This book looks at the way we tax the poor in the United States, particularly in the American South, where poor families are often subject to income taxes, and where regressive sales taxes apply even to food for home consumption. Katherine S. Newman and Rourke L. O'Brien argue that these policies contribute in unrecognized ways to poverty-related problems like obesity, early mortality, the high school dropout rates, teen pregnancy, and crime. They show how, decades before California's passage of Proposition 13, many southern states implemented legislation that makes it almost impossible to raise property or corporate taxes, a pattern now growing in the western states. Taxing the Poor demonstrates how sales taxes intended to replace the missing revenue--taxes that at first glance appear fair--actually punish the poor and exacerbate the very conditions that drove them into poverty in the first place.
New South? Not really. A compelling demonstration that the South's regressive taxation wreaks so much havoc that the federal government has no choice but to swoop in at great cost and attempt to band-aid all the poverty and dysfunction. The best argument yet for a new federalism that says enough is enough.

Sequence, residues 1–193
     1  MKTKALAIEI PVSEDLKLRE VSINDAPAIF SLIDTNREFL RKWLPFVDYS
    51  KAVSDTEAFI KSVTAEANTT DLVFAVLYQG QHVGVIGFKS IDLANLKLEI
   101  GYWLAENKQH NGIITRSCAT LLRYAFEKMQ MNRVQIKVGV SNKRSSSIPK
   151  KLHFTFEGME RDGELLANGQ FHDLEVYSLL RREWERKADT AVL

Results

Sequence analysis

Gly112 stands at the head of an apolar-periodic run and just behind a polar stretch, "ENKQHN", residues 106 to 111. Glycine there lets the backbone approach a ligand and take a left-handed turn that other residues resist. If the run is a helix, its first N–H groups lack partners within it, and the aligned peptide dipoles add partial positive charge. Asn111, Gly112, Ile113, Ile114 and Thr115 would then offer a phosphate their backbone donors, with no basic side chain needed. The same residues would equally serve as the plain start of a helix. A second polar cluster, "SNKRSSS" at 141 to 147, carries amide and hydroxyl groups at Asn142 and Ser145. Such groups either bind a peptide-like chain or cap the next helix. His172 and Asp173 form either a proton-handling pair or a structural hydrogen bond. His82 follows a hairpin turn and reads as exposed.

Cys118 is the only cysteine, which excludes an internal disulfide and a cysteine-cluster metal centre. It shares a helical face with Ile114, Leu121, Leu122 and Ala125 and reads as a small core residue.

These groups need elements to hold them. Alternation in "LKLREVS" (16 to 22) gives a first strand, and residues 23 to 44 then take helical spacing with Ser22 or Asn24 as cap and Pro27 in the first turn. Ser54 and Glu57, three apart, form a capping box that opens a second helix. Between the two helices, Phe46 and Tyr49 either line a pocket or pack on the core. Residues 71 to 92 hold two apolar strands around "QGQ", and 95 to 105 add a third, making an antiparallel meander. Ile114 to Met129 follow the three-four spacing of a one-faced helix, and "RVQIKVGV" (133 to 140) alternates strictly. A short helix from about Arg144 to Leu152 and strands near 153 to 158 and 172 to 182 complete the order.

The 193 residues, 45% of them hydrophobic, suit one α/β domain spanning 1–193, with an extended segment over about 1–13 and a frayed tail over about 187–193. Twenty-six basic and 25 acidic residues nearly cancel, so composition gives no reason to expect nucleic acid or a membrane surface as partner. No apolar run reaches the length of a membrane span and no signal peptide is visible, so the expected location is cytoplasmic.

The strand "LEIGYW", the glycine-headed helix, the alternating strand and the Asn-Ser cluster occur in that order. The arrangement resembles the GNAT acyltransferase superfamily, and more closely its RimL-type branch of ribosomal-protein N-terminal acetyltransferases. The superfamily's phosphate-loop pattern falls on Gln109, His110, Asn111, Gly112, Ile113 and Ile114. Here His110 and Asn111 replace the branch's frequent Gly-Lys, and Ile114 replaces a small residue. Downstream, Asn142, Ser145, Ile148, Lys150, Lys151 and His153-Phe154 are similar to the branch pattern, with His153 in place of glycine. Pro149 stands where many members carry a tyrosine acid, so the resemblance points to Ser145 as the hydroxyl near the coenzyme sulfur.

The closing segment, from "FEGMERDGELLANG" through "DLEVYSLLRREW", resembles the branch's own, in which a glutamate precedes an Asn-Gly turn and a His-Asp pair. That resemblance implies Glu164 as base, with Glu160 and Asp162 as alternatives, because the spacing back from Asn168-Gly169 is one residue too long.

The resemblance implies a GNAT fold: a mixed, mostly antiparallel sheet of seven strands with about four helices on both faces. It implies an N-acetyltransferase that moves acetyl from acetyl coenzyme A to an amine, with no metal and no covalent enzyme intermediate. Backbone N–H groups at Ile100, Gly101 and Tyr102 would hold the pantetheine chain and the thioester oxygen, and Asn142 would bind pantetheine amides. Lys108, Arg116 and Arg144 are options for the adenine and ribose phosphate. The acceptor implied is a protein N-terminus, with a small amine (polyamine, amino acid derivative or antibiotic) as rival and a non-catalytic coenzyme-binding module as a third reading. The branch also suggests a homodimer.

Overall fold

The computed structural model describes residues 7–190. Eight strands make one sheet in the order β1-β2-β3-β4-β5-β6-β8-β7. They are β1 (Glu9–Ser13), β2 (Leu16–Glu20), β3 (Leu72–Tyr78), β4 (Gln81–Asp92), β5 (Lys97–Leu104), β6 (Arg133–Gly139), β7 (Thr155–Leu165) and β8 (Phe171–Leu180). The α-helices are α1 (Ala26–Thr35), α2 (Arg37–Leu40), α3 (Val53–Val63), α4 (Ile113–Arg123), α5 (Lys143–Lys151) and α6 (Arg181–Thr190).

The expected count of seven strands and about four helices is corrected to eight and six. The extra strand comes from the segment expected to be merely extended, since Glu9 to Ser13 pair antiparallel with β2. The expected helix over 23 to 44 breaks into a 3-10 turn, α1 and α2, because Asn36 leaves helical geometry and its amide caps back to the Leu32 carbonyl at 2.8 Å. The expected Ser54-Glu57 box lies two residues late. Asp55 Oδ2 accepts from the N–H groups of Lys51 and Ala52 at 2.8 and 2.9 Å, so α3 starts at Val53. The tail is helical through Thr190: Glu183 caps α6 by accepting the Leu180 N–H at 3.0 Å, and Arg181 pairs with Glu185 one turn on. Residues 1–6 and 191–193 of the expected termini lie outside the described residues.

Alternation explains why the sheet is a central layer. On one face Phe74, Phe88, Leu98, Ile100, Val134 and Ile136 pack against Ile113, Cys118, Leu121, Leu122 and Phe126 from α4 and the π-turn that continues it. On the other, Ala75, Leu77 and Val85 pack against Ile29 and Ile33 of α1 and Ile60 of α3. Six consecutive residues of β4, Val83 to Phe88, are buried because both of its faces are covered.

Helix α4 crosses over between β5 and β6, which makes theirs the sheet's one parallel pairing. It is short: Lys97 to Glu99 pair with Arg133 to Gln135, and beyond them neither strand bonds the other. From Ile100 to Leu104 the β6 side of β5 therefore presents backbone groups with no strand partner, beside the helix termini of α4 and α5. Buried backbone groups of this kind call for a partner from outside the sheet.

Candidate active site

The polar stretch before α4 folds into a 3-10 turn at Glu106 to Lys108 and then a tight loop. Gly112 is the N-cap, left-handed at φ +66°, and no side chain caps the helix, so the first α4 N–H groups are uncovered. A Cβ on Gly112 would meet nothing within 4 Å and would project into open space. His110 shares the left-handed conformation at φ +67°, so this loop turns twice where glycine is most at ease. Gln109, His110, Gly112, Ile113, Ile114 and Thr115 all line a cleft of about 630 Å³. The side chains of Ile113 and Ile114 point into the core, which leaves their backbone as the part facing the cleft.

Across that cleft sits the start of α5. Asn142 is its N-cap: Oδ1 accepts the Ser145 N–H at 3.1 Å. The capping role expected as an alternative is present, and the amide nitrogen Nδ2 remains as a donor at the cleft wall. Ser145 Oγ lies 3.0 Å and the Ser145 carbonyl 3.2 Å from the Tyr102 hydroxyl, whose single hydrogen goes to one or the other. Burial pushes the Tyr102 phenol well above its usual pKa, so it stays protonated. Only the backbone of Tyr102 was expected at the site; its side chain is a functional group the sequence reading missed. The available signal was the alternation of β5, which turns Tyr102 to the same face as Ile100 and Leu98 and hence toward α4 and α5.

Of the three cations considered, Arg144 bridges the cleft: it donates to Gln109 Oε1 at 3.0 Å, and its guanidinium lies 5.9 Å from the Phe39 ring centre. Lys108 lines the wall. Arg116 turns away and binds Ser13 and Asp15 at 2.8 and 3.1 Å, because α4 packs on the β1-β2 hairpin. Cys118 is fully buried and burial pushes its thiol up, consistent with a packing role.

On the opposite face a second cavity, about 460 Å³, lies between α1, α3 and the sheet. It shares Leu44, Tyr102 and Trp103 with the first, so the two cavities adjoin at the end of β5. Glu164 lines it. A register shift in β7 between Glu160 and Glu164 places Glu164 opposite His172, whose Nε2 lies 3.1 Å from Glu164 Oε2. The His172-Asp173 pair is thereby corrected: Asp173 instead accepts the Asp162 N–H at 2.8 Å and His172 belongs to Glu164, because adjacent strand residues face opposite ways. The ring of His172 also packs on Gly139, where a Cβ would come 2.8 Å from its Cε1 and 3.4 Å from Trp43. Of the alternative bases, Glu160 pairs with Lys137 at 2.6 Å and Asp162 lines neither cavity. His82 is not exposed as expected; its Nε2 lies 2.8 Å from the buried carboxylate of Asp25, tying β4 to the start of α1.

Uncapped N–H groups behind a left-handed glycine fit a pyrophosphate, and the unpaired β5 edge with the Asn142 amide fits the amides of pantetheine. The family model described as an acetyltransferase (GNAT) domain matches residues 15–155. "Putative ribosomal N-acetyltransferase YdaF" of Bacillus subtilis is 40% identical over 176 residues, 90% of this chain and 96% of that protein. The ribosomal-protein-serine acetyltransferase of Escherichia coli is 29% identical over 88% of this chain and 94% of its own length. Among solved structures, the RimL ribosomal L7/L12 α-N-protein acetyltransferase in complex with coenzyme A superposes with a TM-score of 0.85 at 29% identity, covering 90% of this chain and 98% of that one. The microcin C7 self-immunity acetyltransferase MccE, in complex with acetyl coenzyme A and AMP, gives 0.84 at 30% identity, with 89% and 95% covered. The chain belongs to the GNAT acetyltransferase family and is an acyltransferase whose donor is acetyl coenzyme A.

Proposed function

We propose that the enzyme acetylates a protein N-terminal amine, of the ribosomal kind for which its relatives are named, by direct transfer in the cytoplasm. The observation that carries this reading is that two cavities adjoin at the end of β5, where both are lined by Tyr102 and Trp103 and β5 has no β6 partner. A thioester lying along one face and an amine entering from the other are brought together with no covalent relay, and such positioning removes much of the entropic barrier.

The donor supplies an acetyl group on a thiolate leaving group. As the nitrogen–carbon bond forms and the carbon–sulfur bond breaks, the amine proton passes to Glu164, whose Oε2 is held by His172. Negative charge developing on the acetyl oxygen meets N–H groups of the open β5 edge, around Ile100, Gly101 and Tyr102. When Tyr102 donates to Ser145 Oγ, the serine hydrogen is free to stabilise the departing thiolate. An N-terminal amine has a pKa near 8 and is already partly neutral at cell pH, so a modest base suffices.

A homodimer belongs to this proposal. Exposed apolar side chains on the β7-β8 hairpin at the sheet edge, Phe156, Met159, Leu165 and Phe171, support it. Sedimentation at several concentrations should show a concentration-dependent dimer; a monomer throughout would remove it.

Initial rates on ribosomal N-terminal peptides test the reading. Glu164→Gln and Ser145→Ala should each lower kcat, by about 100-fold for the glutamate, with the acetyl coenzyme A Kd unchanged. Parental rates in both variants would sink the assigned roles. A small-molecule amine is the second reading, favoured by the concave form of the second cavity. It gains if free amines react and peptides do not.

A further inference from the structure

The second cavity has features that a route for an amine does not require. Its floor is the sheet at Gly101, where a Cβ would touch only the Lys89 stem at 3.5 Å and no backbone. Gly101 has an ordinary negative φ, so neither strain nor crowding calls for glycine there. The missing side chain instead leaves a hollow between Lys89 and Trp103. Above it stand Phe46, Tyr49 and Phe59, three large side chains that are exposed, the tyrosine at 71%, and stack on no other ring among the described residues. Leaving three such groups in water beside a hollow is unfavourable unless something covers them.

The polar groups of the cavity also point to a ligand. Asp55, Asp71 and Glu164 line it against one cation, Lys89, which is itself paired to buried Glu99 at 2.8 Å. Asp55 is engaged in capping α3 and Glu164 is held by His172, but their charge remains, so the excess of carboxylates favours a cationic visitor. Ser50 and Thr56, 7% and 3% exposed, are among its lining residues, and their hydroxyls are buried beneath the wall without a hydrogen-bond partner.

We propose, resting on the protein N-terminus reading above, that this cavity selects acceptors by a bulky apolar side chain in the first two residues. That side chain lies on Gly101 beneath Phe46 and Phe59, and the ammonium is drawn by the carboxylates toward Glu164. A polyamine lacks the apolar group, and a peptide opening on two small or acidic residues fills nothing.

BY: David B. Grusky, Stanford University
Taxing the Poor makes extremely important points that are not now--but must be--part of the American discussion of poverty and social policy. The authors make these points with fascinating details on the history of how we got to this place. Bravo to Newman and O'Brien for thoroughly laying out a politcal economy of taxation.
BY: Robin Einhorn, author of American Taxation, American Slavery